My dad’s family, for better or for worse, likes to sing. There are various singing styles from the operatic, classically trained cousins to the rag-time piano playing uncle whose merry voice is matched only in volume. Of course there are a couple of silent nodders, who would sit in the back of the room during ad hoc chorale fests, who didn’t sing (in some cases for good reason) but would appreciate the harmonies and the messages of the songs. Opa was my favourite. He would sit, usually fairly tight-lipped, eye twinkling, head slightly cocked to the side and would hold his hands with all his fingers touching but not clasped; sometimes his fingers would move ever so slightly to the pulse of the hymn or chorus we were singing.
And to be honest the family could sing. Most of the aunts and uncles grew up in churches where choirs were a mainstay, and that musicality translated down to the children; harmony was no problem. Because we were decent singers someone had the brilliant idea that our family should make a choir and do some sort of special number at my church in Niverville. I assume this was a grand event because several of the family members were scattered around the globe but were home and thus included in the choir. It was kind of an awful affair for a child of my age (probably a happy pre-pubescent 10 or 11) to have to sing in front of anyone, let alone together with your entire extended family. And as it usually the case, my vocal dissent was overruled by happy relatives, who patronized me and then scolded me and then dragged my sorry behind along.
I know that we did at least two songs, but I only remember one, Jesus Loves Me. Beautiful, simple, true. It was the perfect trans-generational hymn capturing the innocence of childhood and the lovely simple faith of those older. We did all four verses. (There are actually five, I just checked, but I’ve never even heard the middle stanza so it clearly isn’t theologically important. Besides four verses is quite long enough!) We practiced too. At grandma’s house the very birthplace of the idea, and then at church on Sunday morning several times. We had our places on stage. We had our parts in the harmonies. Unfortunately somehow in the thrill of the of the show, half the choir became confused and so where we should have sung, “Jesus loves me, He who died. Heaven’s gates to open wide” there was clearly audible this fascinating rendition, “Jesus loves me, He who died, close beside me all the way.”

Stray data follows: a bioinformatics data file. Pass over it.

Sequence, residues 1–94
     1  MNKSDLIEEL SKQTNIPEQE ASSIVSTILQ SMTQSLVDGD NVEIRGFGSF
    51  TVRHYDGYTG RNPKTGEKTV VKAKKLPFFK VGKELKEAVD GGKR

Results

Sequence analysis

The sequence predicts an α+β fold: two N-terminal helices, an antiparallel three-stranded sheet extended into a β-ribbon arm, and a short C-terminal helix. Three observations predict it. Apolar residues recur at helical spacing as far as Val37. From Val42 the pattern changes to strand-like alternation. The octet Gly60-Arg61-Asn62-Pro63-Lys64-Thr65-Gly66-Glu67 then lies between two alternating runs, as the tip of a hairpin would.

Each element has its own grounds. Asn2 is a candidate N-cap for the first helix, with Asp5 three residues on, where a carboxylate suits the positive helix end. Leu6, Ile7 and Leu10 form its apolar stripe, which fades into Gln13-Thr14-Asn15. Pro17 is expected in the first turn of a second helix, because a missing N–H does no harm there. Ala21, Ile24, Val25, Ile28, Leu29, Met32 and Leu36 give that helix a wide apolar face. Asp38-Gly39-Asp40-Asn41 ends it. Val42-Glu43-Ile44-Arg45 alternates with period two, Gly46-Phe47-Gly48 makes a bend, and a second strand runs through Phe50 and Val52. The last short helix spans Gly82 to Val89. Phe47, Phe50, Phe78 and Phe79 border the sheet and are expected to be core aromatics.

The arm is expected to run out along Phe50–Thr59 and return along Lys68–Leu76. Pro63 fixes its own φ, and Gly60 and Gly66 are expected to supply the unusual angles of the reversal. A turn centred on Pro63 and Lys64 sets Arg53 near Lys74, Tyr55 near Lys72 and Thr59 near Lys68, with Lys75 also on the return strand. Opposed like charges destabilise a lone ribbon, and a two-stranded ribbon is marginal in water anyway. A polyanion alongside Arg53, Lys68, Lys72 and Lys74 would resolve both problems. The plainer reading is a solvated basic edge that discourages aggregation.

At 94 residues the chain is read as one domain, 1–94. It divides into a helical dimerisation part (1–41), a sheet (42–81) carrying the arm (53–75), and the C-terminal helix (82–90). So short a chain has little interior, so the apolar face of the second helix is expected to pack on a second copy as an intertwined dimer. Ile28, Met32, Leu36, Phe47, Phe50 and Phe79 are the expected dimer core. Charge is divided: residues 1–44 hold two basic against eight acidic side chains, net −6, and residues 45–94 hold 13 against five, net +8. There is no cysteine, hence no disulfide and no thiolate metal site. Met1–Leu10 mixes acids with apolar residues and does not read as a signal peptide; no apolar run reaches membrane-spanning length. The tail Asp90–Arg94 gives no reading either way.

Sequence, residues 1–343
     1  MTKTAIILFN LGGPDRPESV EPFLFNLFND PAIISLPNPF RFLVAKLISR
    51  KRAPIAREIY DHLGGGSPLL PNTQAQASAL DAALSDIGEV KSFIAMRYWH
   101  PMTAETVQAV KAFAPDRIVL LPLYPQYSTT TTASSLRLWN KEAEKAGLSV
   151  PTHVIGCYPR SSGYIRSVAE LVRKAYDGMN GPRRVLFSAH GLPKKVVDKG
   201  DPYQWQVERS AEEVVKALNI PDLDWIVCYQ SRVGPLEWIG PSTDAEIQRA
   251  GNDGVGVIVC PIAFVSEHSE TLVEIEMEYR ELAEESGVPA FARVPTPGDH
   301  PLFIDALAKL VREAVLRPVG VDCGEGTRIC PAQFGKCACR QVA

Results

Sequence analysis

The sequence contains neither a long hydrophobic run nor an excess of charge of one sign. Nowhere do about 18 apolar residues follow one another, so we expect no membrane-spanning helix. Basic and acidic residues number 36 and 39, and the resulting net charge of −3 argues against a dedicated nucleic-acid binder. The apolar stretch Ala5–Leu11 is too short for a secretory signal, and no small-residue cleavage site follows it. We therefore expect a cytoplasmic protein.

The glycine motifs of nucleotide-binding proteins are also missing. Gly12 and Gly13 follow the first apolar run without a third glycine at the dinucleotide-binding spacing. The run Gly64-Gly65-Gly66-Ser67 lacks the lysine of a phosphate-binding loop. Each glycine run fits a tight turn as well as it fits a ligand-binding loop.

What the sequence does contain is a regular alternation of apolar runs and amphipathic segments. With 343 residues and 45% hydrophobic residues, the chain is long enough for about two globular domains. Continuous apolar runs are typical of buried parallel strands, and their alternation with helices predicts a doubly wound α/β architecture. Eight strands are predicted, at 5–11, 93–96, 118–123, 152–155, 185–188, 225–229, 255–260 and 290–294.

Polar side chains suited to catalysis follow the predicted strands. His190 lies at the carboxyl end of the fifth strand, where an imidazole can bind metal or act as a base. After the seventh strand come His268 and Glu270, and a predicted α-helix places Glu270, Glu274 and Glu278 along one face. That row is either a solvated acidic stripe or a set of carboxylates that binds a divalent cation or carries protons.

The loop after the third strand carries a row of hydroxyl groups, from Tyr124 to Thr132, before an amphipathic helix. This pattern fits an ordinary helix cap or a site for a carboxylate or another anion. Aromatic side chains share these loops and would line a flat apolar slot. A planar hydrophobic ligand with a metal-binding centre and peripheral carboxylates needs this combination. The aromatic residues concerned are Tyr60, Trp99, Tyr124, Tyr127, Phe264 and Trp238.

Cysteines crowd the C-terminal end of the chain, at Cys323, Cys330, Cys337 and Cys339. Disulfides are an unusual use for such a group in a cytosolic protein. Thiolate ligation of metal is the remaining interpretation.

“Jesus loves me.” Check. “He who died.” Check. “Close beside me all the way?” HERESY!
This is the point, when you sing in a choir, it is paramount that you are on the same page.
I once went on a missions trip to Mexico and witnessed worship in our little host church in a very different way from what I knew in Canada. In this precious congregation of 30 or so people, everyone would start to sing before the guitar started and would continue to sing in the key of their choosing (at a tempo of their choosing as well) while the guitar player simple strummed to add strings to the cacophony.
Do you know what your kids hear when their mom and dad don’t share a parenting strategy? At best it’s a joke, at worst its a cacophony. (Which is not a judgement on those wonderful Mexican brothers and sisters; their worship was authentic and divine. This just doesn’t work for parenting!) If you want to have a guaranteed confused child, just contradict your spouse as you discipline or reward different behaviours. Are you on the same page for meal-times? What about video games – or the amount of screen time? Do you support one another in front of the kids even if you quietly aren’t sure that the strategy of your spouse is sound, or even sane.
Can you imagine if God parented us the same way we sometimes we parent our children? We wouldn’t know if He was happy or mad with us! We wouldn’t have just rewards or discipline! I like what Jesus says in Matthew 7:11 (HCSB) “If you then, who are evil, know how to give good gifts to your children, how much more will your Father in heaven give good things to those who ask Him!”
See God is good! He loves to give His children precisely what they need. But do you know what is the best part of this verse? The acknowledgment that even though we are human parents, struggling with sins of our own, we can and do give good gifts to our children. That is pretty hopeful!
One great gift you can give your kids this week is to discuss with your spouse any areas where you have been at odds with each other’s parenting. Work it out. Negotiate. Give and take. You are both probably a least a bit right in your thinking anyways! You’re kids will appreciate a harmonious home.
(Did I actually just pun that? My apologies.)